The Life And Times of Edward O. Thorpe
Most people have never heard of this name. But if you happen to be a serious blackjack player or are involved with hedge fund management, then he’ll be very familiar indeed. In reality he was a Titan in the gambling world and a true pioneer in many of the casino techniques we are all familiar with today.
Edward O. Thorpe: Early Years
“Ed” Thorpe was born in 1932 in Chicago,Illinois, to a father who was a World War I veteran. The father was a strong believer in giving his son a good education and a ground work of knowledge that could set his son up for a productive life. So good were the father’s efforts, that by the age of seven, Ed could calculate the number of seconds in a year.
When the Second World War came around, Thorpe’s father was once again called up, leaving Ed and his mother to struggle financially. She took a job at the local Douglas Aircraft, leaving the boy at home to his own devices for much of the time. But he was never bored and entertained himself by making explosives and playing chess with friends over the HAM radio. Ed’s father survived the war and relocated the family to Lomita in California when Ed was 10 years of age.
After leaving high school, Thorpe was able to gain a place at the prestigious UCLA. In 1953 he received his bachelor’s degree in physics, which was followed by a Master’s in 1955. For his doctorate he wanted to study mathematics, in particular the maths associated with blackjack gambling. He was certain that games of chance could be beaten with the perfect blackjack strategies. In 1958 he got his PhD in mathematics and started work as a professor at MIT. He worked there until 1961, at which point he relocated to New Mexico State University where he taught mathematics until 1965.
Using IBM’s 704 Computer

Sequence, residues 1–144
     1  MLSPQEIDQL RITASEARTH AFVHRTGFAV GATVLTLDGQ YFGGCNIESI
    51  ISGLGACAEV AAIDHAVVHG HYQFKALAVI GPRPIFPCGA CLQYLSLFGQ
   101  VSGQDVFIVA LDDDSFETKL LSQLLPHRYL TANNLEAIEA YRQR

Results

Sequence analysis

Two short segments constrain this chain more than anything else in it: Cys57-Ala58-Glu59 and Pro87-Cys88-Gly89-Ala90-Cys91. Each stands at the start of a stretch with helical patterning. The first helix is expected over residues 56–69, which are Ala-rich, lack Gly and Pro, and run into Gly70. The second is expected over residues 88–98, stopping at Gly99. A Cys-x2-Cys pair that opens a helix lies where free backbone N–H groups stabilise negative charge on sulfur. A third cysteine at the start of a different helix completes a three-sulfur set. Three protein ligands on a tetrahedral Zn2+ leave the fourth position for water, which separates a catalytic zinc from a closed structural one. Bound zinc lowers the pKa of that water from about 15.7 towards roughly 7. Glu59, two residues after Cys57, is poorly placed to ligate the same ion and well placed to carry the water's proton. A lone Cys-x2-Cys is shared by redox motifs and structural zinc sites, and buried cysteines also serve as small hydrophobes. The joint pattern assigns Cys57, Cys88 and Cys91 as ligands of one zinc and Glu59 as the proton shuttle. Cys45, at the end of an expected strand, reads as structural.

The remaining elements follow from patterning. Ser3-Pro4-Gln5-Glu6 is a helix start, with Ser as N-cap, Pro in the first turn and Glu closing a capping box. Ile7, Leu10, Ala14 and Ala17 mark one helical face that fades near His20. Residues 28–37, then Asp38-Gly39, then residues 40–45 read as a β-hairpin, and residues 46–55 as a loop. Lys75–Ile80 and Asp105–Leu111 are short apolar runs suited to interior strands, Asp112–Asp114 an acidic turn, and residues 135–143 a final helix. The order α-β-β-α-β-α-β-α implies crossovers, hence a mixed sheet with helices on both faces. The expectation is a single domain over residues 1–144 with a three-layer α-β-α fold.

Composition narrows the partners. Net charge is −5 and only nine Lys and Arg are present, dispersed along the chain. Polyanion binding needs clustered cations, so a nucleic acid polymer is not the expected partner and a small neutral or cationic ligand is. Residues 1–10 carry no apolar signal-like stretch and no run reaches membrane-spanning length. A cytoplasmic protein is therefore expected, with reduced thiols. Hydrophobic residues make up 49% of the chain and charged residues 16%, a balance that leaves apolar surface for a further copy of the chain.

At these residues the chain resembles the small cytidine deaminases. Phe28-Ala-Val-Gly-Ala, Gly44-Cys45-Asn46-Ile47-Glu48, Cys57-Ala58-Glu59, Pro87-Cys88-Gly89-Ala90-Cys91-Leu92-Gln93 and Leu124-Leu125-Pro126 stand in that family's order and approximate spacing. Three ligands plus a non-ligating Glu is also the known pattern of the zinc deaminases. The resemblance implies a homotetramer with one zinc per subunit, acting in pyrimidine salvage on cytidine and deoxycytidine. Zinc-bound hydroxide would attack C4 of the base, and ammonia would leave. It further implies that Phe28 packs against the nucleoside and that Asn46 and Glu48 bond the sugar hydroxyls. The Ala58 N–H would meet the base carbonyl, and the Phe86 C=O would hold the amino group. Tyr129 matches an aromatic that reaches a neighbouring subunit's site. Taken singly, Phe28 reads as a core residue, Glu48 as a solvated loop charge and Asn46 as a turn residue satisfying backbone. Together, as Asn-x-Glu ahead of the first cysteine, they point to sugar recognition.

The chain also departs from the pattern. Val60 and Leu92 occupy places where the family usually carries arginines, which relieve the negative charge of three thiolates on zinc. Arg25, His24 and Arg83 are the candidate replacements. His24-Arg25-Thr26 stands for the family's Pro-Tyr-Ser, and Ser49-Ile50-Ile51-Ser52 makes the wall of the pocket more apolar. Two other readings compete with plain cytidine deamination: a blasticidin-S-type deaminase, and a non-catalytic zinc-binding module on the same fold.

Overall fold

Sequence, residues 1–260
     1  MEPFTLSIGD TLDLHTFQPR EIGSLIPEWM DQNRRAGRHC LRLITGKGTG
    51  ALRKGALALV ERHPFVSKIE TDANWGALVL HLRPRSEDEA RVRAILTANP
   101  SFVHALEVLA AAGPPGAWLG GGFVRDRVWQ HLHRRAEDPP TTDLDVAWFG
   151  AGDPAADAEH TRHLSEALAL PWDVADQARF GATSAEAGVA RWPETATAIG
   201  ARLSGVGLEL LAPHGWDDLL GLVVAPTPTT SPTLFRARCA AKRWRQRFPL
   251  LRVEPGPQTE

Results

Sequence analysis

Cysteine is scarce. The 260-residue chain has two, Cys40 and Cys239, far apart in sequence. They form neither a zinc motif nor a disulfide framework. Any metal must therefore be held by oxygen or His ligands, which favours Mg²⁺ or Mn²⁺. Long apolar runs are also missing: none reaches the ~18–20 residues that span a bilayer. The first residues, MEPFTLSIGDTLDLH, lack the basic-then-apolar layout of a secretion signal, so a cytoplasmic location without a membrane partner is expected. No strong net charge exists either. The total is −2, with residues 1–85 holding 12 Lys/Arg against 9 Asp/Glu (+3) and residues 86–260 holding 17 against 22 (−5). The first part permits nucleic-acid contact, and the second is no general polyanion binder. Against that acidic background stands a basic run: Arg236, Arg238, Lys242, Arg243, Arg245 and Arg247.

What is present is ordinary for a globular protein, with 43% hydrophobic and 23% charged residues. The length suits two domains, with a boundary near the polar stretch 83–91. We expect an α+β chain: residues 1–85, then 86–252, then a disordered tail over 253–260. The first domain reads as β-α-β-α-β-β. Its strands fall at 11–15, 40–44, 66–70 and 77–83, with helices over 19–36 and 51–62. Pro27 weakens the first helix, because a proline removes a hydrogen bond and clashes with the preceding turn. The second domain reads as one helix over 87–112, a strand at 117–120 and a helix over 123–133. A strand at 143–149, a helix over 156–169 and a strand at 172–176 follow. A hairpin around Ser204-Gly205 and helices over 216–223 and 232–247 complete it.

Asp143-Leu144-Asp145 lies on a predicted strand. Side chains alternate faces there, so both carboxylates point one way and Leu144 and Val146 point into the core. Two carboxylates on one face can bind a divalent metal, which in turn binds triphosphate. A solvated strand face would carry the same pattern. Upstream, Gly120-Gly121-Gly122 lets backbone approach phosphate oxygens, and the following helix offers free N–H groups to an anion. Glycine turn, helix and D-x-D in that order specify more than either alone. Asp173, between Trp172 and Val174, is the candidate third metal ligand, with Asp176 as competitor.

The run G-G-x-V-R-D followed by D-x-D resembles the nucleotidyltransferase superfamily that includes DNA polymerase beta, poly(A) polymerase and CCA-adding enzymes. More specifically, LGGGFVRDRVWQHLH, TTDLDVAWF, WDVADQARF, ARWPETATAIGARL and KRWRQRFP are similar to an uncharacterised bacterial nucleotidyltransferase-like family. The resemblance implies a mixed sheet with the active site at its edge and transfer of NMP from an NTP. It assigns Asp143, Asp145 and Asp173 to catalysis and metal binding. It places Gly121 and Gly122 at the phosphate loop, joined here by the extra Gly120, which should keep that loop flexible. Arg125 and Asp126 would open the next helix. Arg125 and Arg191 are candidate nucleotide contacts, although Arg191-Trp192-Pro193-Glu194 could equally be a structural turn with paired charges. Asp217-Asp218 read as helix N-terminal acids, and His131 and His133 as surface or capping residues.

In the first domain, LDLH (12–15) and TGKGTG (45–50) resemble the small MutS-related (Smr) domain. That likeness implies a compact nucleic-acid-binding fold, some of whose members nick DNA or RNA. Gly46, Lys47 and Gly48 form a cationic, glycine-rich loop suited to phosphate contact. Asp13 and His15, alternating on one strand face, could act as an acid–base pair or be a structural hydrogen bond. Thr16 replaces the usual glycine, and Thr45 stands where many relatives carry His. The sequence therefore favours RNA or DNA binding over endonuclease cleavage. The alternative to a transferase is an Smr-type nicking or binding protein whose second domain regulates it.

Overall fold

Moving again, he went to teach at the University of California in Irvine from 1965 until 1977. Then he became professor of both mathematics and quantitative finance from 1977 till 1982. Thorpe continued with his interest in the mechanics of gambling and decided that the game of blackjack must have more to it than meets the eye. At weekends, he would go with his wife and visit Las Vegas to watch and study the game strategy and game play. Soon he would be wagering himself and discovered that his knowledge of mathematics was a huge help, with him more often than not emerging into the early morning light victorious. It was essentially free blackjack practice for him.
Luckily Thorpe had access to an advanced computer, an IBM 704, which he could operate after teaching himself the computer language of FORTRAN. Another tool to help him on his blackjack beating quest was a copy of the famous formula called the “Kelly Criterion” that was developed by J.L. Kelly in 1956, as a surer means of playing the ideal wager size for every possible card combination.
Soon he needed more hands on deck, so bought in another mathematician, Claude Shannon. Claude and his wife would accompany the Thorpe’s to Las Vegas, and soon they had developed a tiny computer to gain an advantage over the casinos. In those days, there was little shuffling during a hand, meaning that counting cards was much easier. After a huge amount of research, Thorpe invented a number of different advantage play techniques. His best and most famous is the 10 Count System.
The 10 Count System
It would be disingenuous to say that Thorpe invented card counting. It had been going on for years. But he was the first to talk about it openly, especially after he published his first book, “Beat The Dealer” in 1962. To that end, he’s the person most associated with counting cards in the public eye. Ideally, this system is best when used with a single deck of cards. The idea is to only place bets when the house edge is reduced. Once the deck has been dealt, the counter will assign a numbering system to the cards. A 10 point card is assigned the value of -9, and all other cards have the value of +4. By keeping a running count, the player can get a good idea of when he has a better chance of winning, and then bet on that outcome.